Ani DiFranco grew up in a tiny house without partitions. Though two levels, it was essentially a pair of large, open rooms. Architecturally speaking, it would be described as quaint or even cozy. Yet, her family life, she said, was not warm or personal.
“There were invisible walls everywhere,” said DiFranco of the genesis of her book, “No Walls and the Recurring Dream: A Memoir.”
“Metaphorically, I think, it resonated through my entire life, and music dealt with the tension of intimacy, contact, the vulnerability, and the privacy, and it negotiated it.”
Ani’s father, Dante Americo DiFranco, was an Italian immigrant who loved music and cherished American artists. His love of the American experience of music permeated his daughter’s life, a topic the singer-songwriter reflected on in her new memoir, published in May by Viking.
“Aspects of where your parents are from, who they are, and what they are made of, are so huge. Both of my parents are immigrants in a sense, and were extremely patriotic, like the way you love a gift you were never born into and never take for granted. There was great patriotism in my house. … My parents were grateful to be in a country that they were lucky to be born into. … They didn’t gripe about taxes as an atrocity. They were very patriotic and very aware of their citizenship, and I was very fortunate for those models.”
The matriarch of indie rock said that these memories finally allowed her to narrate her own tale.
“I wouldn’t call the process of writing it easy. At times it felt dire. But the process wasn’t clean or neat or easy, but you just have to deal with it. Now you have a measure of control over your own story. After decades of being defined and described by others, you get to decide which parts of you are in solitary confinement and which to listen to. It was eye-opening to go through the process. It reminds me of the agency which storytelling gives you. There are so many versions of me and so many me’s who could speak, and who could speak from so many opinionated directions.”
At first DiFranco figured that the writing process would require long-range planning, something tightly assembled. Soon she realized that too much stress on time and planning and structural integrity wouldn’t do.
“It became the laptop stationed on the kitchen table, and I jotted down little bits as I could. With momming and touring and dealing with other aspects of life and work, I wrote when I could. I thought that it would sabotage the book altogether not to have the mental space and set time, though I managed to do it.”
DiFranco traced her seminal connection to music to age 9, about the time her parents separated. She was a kid dealing with strife and trouble in her small world, and artistic expression — dancing, painting, singing — became conduits that eased tension out of her mind and body. Armed with these coping skills, her artistic expression soon consolidated exclusively to music.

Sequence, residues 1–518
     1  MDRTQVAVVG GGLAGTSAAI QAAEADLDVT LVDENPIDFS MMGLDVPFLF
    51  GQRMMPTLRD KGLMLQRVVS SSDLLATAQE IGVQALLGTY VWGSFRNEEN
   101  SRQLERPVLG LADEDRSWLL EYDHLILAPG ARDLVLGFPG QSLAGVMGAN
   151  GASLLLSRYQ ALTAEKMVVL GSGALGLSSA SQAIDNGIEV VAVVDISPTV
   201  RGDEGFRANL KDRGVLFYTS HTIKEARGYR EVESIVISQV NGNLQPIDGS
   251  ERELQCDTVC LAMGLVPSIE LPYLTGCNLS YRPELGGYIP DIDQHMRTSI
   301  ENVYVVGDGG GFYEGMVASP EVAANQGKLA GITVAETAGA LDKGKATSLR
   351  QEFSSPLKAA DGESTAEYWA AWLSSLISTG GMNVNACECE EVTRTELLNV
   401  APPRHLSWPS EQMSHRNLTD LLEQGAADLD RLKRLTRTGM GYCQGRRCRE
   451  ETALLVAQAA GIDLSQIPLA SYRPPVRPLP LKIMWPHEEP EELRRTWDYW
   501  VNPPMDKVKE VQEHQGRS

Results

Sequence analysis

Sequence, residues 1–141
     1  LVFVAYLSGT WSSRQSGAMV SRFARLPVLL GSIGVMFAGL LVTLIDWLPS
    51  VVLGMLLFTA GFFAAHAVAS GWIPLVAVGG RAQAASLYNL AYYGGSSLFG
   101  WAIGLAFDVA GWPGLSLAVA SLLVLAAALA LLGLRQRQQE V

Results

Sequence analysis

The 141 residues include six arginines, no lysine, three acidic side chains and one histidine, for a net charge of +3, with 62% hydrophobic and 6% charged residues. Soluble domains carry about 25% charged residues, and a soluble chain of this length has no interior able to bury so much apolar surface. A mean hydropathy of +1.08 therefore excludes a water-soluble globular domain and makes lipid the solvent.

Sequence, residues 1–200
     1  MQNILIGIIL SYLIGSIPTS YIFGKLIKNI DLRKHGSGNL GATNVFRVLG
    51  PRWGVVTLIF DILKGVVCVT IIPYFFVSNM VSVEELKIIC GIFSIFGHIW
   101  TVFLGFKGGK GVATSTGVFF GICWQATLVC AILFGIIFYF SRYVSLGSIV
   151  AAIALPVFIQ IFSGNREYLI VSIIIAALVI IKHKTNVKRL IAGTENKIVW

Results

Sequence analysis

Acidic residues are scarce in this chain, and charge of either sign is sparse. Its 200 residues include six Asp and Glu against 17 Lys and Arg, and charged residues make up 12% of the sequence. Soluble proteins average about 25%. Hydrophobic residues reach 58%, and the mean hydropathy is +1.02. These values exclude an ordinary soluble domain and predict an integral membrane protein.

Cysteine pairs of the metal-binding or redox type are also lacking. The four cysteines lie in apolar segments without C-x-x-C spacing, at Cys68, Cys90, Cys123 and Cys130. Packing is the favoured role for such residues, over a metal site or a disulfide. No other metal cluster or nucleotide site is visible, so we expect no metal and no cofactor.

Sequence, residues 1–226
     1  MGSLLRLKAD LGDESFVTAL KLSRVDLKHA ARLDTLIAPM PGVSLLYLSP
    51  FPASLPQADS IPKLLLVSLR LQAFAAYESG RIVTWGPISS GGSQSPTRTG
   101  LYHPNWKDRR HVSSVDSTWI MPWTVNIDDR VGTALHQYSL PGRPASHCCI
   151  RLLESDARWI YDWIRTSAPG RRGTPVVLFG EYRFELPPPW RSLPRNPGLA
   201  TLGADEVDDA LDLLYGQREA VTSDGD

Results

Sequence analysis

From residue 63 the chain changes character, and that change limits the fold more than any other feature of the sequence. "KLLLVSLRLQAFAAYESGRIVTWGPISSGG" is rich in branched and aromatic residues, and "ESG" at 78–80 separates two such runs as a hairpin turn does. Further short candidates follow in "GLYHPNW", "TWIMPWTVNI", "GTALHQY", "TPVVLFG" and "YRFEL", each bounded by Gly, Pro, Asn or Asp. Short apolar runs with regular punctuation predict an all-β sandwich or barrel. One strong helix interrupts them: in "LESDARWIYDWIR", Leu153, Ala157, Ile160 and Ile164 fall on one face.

You have free articles remaining.
“Music and art gave me the tools to figure it out and as a kid I could let it all move through me. Music was the key to my survival. I’m grateful for having these things. I’m not going to push my interests on my (two) children, and I want them to find the tools to build these mechanisms themselves.”
One of the country’s sentimental underdogs, the city of Buffalo, New York, colored DiFranco’s journey in countless ways.
“They don’t call them the Great Lakes for nothing. … Lake Erie was once a cesspool and an industrial dumpsite. Now it’s an incredible, fertile and beautiful part of the country. It had character, immigrant character, the rough edges of a working-class steel town, and it was the first stop for so many new Americans.”
At 48, DiFranco has released more than 20 albums, starting her own label, Righteous Babe Records, in 1990. While she has always somehow found new sounds and polished phrases on which to expend her talents, she said that she is more apt these days to let her ideas mature.
“When I was young I couldn’t be slowed down, let alone be stopped, and I was always on a mission. Now that I’ve gotten older, there is less of a hurry in general. I try to change and to make things better. I do have to pace myself; kids were a real body check, literally and figuratively. I was always driven by work and vision. Now I can stay away and I can come back and see it clearer. I take my time a little more, out of necessity, and also newfound patience.”
Her song catalog is weighty, multilayered and disparate. There are songs about her past lives, or about the emotional lives of her relationships, and about the great voyage she had never imagined.
“The records at this point feel like documents of songs along the way and documents of the map of where I was,” said DiFranco.
Despite releasing her first record at age 18, she has never lost touch with the classic model of the American folk singer, the oral historian and weary traveler who gathers people’s history (and sorts through their own) and purveys it live on the circuit. It’s that type of kindred sensation that much of her observations and her art have been built.
“Music is and has always been a social act,” she concluded. “My spleen, my mind and my heart are focused on that. Music is about exchanging energy and ideas. It is still very profound seeing people take the songs deeply into themselves and their lives, and profound when they revel in the songs that they are already possessing. It’s so affirming and that connection is what makes our existence.”